Jump to ContentJump to Main Navigation
Speak English or What?Codeswitching and Interpreter Use in New York City Courts$
Users without a subscription are not able to see the full content.

Philipp Sebastian Angermeyer

Print publication date: 2015

Print ISBN-13: 9780199337569

Published to Oxford Scholarship Online: March 2015

DOI: 10.1093/acprof:oso/9780199337569.001.0001

Show Summary Details
Page of

PRINTED FROM OXFORD SCHOLARSHIP ONLINE (oxford.universitypressscholarship.com). (c) Copyright Oxford University Press, 2020. All Rights Reserved. An individual user may print out a PDF of a single chapter of a monograph in OSO for personal use. date: 01 December 2020

Indexicalities of language choice in small claims court

Indexicalities of language choice in small claims court

Chapter:
(p.1) 1 Indexicalities of language choice in small claims court
Source:
Speak English or What?
Author(s):

Philipp Sebastian Angermeyer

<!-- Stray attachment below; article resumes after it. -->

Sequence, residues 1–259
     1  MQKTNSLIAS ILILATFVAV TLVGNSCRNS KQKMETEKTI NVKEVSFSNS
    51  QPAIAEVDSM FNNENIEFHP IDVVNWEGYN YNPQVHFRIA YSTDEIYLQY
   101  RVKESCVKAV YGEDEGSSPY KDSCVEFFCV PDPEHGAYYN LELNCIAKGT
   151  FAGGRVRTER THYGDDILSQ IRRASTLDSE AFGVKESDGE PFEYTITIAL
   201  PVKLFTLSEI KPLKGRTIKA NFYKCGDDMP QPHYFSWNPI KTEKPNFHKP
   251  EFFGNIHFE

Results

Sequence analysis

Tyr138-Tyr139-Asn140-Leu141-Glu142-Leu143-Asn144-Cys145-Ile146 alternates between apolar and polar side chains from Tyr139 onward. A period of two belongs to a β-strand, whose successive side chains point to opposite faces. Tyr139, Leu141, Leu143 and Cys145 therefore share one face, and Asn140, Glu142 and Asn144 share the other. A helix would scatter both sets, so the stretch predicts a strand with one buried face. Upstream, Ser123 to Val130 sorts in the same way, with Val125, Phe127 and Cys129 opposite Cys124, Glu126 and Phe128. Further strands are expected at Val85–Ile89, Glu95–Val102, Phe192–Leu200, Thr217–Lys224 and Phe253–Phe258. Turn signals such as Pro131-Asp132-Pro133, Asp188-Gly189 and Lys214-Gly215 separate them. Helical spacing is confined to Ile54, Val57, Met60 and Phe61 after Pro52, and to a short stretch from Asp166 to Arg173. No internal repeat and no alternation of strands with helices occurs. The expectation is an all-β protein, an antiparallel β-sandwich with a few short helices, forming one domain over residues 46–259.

Publisher:
Oxford University Press
DOI:10.1093/acprof:oso/9780199337569.003.0001

This chapter introduces the major topics of the book, its methodology, and its theoretical background, focusing on the language choice of immigrant litigants in small claims court. These litigants vary between speaking in L2 English and speaking in another language that is translated by a court interpreter. Analyzing meta-pragmatic comments by other participants during courtroom interaction, it is shown that representatives of the court discourage the use of L2 English, whereas other participants may criticize the use of the other language. These practices are related to language ideologies about multilingualism and translation. In particular, an implicit policy requires litigants to speak only one language throughout the hearing but causes their language choice to be seen as indexical of their credibility or of their willingness to cooperate with the institution.

Keywords:   language choice, indexical, language ideology, small claims court, interaction

Oxford Scholarship Online requires a subscription or purchase to access the full text of books within the service. Public users can however freely search the site and view the abstracts and keywords for each book and chapter.

Please, subscribe or login to access full text content.

If you think you should have access to this title, please contact your librarian.

To troubleshoot, please check our FAQs , and if you can't find the answer there, please contact us .